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Short GM strike will have minimal impact on tire industry, says Ludwig

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Some 73,000 members of the United Auto Workers at 80 General Motors Corp. plants throughout the U.S. went on strike yesterday. How much of an impact will the strike have on GM's tire suppliers? Not much if the strike only lasts for a couple of weeks, says tire industry analyst and long-time Modern Tire Dealer contributor Saul Ludwig.

"If the strike is short, I don’t think that will have much of a notable impact," says Ludwig.

"However, if it becomes a protracted strike, the industry will begin to build excess capacity and when there is excess capacity, it could threaten the strong pricing environment that manufacturers have enjoyed. But the strike would have to go on for quite some time – (more than) four weeks,” he estimates.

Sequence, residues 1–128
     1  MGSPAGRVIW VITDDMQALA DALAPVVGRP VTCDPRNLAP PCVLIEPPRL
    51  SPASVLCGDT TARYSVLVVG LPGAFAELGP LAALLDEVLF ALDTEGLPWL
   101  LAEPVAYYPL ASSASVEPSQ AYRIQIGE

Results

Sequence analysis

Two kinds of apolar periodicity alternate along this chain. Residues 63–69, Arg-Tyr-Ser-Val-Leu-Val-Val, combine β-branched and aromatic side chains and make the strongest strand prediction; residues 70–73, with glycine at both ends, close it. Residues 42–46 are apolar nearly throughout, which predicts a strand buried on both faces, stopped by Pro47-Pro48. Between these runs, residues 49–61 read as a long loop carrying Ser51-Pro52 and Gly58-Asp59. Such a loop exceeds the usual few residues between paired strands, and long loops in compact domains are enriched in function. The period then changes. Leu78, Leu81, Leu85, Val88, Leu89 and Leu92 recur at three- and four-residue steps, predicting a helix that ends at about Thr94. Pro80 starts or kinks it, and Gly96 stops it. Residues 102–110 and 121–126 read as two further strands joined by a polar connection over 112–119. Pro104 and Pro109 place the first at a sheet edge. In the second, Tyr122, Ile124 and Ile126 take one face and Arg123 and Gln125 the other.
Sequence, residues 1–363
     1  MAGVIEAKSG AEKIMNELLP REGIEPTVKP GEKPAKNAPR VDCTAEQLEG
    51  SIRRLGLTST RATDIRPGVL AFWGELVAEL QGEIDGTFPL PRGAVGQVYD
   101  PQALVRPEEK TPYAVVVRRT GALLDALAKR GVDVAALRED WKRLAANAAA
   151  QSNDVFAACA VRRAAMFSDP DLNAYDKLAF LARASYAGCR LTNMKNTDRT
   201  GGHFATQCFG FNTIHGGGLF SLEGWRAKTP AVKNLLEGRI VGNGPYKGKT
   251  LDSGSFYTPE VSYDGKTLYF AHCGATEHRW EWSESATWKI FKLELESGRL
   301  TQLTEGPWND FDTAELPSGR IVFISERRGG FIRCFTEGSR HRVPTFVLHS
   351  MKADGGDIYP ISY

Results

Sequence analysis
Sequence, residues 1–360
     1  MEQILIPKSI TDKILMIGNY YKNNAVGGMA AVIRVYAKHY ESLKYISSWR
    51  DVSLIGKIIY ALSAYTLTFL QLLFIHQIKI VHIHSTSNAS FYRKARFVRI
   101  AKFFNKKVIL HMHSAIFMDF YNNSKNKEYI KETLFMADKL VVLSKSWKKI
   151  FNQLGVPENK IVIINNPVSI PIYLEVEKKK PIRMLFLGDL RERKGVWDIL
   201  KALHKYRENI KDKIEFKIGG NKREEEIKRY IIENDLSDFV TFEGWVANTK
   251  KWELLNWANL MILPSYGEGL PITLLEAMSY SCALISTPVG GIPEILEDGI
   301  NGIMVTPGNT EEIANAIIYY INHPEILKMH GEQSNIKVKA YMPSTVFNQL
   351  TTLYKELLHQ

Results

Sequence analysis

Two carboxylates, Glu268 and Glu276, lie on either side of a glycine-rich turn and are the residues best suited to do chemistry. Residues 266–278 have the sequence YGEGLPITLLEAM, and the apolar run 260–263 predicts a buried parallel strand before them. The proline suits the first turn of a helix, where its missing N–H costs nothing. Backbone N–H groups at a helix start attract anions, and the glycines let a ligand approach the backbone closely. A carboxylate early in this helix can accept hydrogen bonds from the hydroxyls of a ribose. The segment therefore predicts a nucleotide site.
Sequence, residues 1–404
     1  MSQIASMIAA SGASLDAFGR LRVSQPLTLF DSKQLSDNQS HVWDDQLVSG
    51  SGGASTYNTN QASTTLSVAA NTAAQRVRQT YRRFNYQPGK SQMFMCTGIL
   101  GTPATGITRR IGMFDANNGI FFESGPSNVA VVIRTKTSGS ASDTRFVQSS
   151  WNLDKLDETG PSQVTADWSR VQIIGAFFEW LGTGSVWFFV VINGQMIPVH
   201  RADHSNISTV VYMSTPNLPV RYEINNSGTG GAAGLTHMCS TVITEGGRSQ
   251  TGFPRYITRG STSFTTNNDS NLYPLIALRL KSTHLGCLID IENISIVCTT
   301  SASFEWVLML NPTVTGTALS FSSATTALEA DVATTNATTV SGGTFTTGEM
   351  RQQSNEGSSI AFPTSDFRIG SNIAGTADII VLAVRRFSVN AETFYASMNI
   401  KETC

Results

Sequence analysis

Goodyear Tire & Rubber Co. is GM's largest light vehicle tire supplier with 30% share for its Goodyear brand, according to Modern Tire Dealer data.

The Bridgestone brand can be found on 27% of GM's light vehicles straight out of the factory. Continental Tire North America Inc.'s Continental and General brands make up 16% and 8%, respectively.

Six percent of GM light vehicles come with Firestone brand tires, while 5% are outfitted with BFGoodrich brand tires. Three percent come with Michelin products, 2% with Pirelli, another 2% with Uniroyal and 1% with Hankook.

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